The trailblazing aspects of “Jailhouse Rock”


The popularity of Elvis Presley and that of any of his hits need not be explained to most people of a certain age. What is interesting though, upon closer inspection of “Jailhouse Rock,” was how Presley managed to set a style and tone standard for rock genres to come.

The point here is not to blindly idolize Presley. He had his flaws as do all humans, whether they are wildly famous or not. Also, the purpose is not to declare Presley the inventor of rock ‘n’ roll – – he isn’t. But, as an early performer in the genre, when his works are covered 30 years later, by a heavy metal band, unexpected similarities appear that some audiences might have overlooked.

“Jailhouse Rock” recorded music and film

The song “Jailhouse Rock” was included in the film of the same name. The song was released in late September 1957, and the movie followed in November of that same year. The setting is a jail, where an out-of-work construction laborer (Presley) is sentenced to two years in jail for manslaughter after a bar fight goes fatal. An incarcerated down-on-his-luck country singer teaches Presley’s character to play guitar after hearing him sing. A series of hijinks ensue. Presley performs “Jailhouse Rock” in one scene.

Already, with just the synopsis of the film, audiences can see a certain cultural shift taking place. The country singer is depicted as having a problematic character, and Presley, as the embodiment of rock ‘n’ roll, is at times the victim of the country singer’s schemes. Perhaps that wasn’t intentional, but it is certainly there. Maybe the point was to make the singer’s character appear like a (somewhat) good guy.

At any rate, the film received mixed reviews, but the song went to No. 1. This popularity helped to ensure Presley’s influence long after his death in 1977.

The song itself is opened by hard, strident guitar and drums. The guitar’s up-and-down-sounding couplet does a sort of call and response to the drums. That sound kicks the song open. The lyrics are unapologetically impolite. For one, the song takes place in a jail and features a warden who allows a party. And, two, mention is made of The Purple Gang is mentioned as being the rhythm section. The song is self-referential and self-aware.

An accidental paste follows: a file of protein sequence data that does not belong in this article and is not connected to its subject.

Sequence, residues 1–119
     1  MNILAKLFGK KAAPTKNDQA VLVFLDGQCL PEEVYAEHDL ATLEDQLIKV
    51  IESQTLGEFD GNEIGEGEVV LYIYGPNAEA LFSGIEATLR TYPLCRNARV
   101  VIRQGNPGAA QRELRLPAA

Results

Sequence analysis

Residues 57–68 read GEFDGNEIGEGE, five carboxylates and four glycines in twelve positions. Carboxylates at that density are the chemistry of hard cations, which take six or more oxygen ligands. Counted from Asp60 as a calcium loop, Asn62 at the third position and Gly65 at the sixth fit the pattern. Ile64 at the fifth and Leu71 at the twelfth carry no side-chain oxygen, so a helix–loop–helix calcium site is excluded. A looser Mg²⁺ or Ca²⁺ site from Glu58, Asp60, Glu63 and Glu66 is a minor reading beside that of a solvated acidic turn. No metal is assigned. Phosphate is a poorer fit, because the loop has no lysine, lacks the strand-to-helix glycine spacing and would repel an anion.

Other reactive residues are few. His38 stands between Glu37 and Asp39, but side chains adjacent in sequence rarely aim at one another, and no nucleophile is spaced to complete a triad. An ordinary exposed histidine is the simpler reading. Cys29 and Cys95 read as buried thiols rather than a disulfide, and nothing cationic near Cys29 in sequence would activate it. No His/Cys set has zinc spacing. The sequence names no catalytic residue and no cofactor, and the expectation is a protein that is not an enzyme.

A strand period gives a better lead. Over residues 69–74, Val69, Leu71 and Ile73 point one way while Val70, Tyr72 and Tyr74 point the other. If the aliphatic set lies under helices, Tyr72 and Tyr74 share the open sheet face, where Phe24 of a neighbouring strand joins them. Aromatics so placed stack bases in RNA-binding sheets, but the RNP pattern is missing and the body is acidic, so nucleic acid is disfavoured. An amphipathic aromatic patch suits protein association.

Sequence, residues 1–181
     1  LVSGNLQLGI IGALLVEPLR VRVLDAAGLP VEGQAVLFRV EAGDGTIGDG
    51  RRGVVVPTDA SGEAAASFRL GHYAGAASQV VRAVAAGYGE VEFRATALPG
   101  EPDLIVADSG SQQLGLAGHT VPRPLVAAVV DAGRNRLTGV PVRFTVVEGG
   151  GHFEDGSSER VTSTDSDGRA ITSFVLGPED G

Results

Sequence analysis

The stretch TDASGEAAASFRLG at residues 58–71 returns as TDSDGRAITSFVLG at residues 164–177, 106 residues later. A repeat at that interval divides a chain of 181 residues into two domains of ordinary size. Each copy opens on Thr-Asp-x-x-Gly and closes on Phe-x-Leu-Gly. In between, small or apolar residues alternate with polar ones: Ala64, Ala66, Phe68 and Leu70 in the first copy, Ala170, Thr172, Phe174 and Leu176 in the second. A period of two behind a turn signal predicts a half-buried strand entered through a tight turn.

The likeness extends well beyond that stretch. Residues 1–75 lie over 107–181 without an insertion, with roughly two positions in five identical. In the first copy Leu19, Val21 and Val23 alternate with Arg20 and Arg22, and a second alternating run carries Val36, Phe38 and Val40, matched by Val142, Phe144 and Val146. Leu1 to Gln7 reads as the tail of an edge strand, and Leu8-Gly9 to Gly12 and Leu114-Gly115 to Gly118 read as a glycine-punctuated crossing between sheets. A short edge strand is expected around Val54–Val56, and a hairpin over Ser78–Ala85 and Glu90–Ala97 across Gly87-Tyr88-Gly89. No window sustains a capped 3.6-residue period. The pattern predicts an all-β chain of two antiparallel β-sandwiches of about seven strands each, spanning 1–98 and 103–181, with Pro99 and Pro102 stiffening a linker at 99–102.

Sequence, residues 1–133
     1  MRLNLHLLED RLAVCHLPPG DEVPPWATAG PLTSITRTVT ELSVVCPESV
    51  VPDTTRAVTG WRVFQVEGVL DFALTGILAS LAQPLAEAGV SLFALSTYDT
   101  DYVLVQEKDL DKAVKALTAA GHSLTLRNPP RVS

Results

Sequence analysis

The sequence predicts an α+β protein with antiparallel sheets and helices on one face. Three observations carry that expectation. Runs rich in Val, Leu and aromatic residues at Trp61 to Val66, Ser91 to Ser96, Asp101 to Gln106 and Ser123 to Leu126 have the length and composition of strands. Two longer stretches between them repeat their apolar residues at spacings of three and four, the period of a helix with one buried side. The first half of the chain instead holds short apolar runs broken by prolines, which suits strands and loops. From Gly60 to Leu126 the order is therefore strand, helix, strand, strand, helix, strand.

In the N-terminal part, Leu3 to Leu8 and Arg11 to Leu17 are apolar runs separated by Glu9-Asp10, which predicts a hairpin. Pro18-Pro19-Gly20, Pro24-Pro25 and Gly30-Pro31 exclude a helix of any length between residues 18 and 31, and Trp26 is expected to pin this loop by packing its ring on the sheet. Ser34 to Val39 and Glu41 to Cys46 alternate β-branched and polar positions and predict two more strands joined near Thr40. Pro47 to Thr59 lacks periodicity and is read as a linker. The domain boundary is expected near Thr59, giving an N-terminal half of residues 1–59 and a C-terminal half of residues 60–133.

Presley’s voice is a bit rougher than in previous songs, and underneath it all, through the lyrics, the thudding of the bass, there is a growing feeling of menace.

Mötley Crüe and “Jailhouse Rock”

Thirty years later, bad boys of glam metal, Mötley Crüe, included a live version of “Jailhouse Rock” on their 1987 album, “Girls, Girls, Girls.” Interesting things happen to “Jailhouse Rock” when it turns metal. One thing that happens, is that the menace that was hinted at in the original is in audience’s faces in the glam metal version. The other thing that occurs is the song speeds up. It almost sounds like hardcore in places. Further, the bass is almost as present in the cover as in the original, but because the electric bass has a different sound than the upright variety, Mötley Crüe’s version is a bit darker when the bass comes through in the instrumentation.

There is a similar vocal technique in both versions. The delivery is a clenched-teeth, half-spoken approach in the verses. The flow in the chorus is more fluid, but it is still shouty in both versions, especially during the phrase, “let’s rock/ everybody in the whole cell block/will be dancing to the jailhouse rock.”

Both versions succeed in the arrangement that includes the guitar and bass exchanging two notes with the drums. The tension there makes the whole song.

In Mötley Crüe’s version, the ending is stretched out until the song’s blues foundation is exposed, and there is some vocal vamping. Also, in the latter portion, there is an electric guitar solo.

While it doesn’t appear that the glam metal version of “Jailhouse Rock” was released as a single, the album it appeared on did very well. The album “Girls, Girls, Girls” reached No. 2 on the Billboard 200, No. 12 Billboard Hot 100, and No. 20 on Mainstream Rock. In 1995, the album was certified platinum.

The compare and contrast between Presley’s version of “Jailhouse Rock,” and Mötley Crüe’s demonstrates how the original contained some elements of popular music that would become standard for rock ‘n’ roll in the decades to come.


Leave a Reply

Leave a Reply

Your email address will not be published. Required fields are marked *

This site uses Akismet to reduce spam. Learn how your comment data is processed.